Suffering a traumatic brain injury (TBI) in an accident—or helping a loved one who has been injured—is a frightening and confusing experience. At the time of the injury, doctors often aren’t able to tell you much about the prognosis for recovery. However, you should be given information about the severity of the injury, which will give you an idea of what the road ahead will look like.
Three Levels of Traumatic Brain Injury
Whether you or your loved one has sustained a concussion, contusion, penetrating injury, or diffuse axonal injury, your injury could be considered mild, moderate, or severe. Based on the symptoms and expected recovery, brain injuries are generally rated as follows:
When there is no—or a very brief—loss of consciousness and symptoms such as confusion, headaches, and dizziness are brief and minor, the brain injury is considered mild. Mild TBIs are often diagnosed based on the fact that there was an impact to the head rather than on scans showing brain damage or permanent impairments.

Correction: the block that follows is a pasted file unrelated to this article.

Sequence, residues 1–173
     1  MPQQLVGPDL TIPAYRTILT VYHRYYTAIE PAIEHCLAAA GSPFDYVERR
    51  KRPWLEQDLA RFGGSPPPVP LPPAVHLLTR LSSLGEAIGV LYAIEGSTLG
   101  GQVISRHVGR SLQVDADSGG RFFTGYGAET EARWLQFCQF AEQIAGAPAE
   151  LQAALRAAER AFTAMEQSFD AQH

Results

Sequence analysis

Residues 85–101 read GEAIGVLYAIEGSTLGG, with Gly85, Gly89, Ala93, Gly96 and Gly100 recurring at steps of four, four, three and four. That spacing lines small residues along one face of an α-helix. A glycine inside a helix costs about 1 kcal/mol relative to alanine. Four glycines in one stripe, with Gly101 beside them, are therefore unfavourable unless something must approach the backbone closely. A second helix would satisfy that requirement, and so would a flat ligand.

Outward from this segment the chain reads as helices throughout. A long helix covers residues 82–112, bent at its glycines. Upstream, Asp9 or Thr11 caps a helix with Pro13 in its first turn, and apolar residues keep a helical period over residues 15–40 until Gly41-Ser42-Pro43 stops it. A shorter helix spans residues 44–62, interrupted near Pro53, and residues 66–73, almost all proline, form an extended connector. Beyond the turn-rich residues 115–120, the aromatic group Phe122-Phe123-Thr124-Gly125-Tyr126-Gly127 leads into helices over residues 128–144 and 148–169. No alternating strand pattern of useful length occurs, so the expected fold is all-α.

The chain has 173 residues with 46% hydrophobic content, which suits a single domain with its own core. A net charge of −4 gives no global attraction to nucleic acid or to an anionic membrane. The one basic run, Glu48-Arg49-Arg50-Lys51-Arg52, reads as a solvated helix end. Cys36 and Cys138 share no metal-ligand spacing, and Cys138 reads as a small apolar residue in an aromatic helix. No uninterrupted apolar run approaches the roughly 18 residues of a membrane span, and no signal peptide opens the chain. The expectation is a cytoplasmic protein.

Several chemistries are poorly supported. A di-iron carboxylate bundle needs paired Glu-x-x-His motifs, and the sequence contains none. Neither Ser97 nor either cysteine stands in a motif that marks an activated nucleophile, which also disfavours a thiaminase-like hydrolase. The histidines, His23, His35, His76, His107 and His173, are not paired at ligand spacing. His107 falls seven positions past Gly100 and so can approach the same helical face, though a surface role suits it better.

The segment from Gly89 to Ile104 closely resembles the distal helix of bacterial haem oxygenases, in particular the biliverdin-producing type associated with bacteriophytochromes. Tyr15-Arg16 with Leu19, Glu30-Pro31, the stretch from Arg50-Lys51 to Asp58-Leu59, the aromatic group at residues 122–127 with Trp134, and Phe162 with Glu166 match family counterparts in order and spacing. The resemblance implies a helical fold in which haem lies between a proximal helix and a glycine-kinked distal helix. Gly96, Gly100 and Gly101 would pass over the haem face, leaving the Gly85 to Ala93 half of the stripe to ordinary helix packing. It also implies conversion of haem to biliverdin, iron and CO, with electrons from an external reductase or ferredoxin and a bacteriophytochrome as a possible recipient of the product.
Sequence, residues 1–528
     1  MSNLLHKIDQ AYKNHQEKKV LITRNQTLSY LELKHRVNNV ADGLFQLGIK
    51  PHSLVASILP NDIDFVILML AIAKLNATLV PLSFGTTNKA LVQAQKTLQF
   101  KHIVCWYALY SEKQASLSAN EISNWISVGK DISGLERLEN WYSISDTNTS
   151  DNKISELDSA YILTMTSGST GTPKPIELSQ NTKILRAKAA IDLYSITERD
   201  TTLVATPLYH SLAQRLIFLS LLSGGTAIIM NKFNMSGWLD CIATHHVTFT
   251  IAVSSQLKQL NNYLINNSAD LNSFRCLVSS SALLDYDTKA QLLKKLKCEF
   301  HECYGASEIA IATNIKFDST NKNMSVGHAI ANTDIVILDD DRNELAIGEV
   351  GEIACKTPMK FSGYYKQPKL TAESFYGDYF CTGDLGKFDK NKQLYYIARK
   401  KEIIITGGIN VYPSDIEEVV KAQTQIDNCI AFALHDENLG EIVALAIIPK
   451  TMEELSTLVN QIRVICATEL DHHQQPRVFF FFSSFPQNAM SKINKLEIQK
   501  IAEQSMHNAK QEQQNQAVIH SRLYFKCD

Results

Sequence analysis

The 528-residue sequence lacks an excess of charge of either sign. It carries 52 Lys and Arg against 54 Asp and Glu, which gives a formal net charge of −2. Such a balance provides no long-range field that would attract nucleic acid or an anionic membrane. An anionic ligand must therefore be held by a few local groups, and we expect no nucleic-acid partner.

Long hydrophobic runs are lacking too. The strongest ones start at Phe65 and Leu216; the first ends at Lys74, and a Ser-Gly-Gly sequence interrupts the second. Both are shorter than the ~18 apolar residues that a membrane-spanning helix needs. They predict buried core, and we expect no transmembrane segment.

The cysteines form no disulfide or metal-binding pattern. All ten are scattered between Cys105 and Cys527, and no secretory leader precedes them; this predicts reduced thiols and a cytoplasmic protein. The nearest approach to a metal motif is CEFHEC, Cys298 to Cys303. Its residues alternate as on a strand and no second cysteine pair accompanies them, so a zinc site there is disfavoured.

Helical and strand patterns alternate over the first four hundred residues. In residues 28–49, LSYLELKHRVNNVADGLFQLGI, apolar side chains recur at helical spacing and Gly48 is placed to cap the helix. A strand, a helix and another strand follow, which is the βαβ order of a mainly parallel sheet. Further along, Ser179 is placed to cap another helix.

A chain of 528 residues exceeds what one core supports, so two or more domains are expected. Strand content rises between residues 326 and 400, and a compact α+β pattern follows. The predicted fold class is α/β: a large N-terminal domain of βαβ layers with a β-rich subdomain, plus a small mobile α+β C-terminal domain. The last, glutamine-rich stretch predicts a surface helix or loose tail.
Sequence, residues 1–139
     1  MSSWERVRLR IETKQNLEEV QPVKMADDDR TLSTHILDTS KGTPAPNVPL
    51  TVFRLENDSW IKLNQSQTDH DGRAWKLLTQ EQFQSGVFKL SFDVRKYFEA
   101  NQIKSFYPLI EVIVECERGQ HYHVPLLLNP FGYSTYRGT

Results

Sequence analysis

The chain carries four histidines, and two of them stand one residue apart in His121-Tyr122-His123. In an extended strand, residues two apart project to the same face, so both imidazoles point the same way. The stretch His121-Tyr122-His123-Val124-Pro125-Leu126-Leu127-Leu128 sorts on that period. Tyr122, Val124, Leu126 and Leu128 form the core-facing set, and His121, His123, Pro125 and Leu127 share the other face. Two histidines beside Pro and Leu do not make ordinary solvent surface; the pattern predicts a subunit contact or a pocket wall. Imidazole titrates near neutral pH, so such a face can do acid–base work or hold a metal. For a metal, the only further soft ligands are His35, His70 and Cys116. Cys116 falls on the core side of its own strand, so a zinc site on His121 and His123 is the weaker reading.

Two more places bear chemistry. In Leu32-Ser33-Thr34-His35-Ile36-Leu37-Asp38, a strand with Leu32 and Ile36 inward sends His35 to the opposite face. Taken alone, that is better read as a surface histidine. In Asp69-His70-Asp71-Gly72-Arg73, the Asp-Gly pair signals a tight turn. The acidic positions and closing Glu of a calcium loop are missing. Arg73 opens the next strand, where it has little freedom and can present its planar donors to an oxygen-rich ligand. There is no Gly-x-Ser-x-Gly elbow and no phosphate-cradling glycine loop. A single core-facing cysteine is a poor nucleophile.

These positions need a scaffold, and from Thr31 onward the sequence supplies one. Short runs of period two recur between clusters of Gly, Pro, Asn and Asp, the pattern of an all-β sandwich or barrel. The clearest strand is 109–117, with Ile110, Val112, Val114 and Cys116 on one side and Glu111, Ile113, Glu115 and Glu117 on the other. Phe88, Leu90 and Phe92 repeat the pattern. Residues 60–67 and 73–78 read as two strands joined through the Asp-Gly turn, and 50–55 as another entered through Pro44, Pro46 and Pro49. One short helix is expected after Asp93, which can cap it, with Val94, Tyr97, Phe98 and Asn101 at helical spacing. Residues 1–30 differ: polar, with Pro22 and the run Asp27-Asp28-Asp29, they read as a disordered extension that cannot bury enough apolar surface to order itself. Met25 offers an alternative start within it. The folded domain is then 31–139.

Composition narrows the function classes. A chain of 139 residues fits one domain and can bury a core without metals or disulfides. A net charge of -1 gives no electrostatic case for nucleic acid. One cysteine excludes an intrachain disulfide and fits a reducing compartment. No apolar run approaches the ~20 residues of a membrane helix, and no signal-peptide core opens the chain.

If the person was unconscious for anywhere from a few minutes to several hours, the TBI would be considered moderate. Long-term cognitive, physical, and emotional effects are possible with a moderate TBI. These impairments could last for several months, and some changes may be permanent.
A severe TBI is often permanently debilitating or fatal. An injury that crushes or penetrates the skull and damages brain tissue is considered severe because there is no way to repair the damage. If they survive, victims of a severe TBI cannot expect to return to the life they had before the accident.
No matter what level of brain injury you or your loved one has suffered, if another person’s negligence caused the car accident, slip and fall, or workplace accident that lead to your TBI, you need an attorney to help you fight for damages. Contact the Mottley Law Firm to learn more about our traumatic brain injury legal services.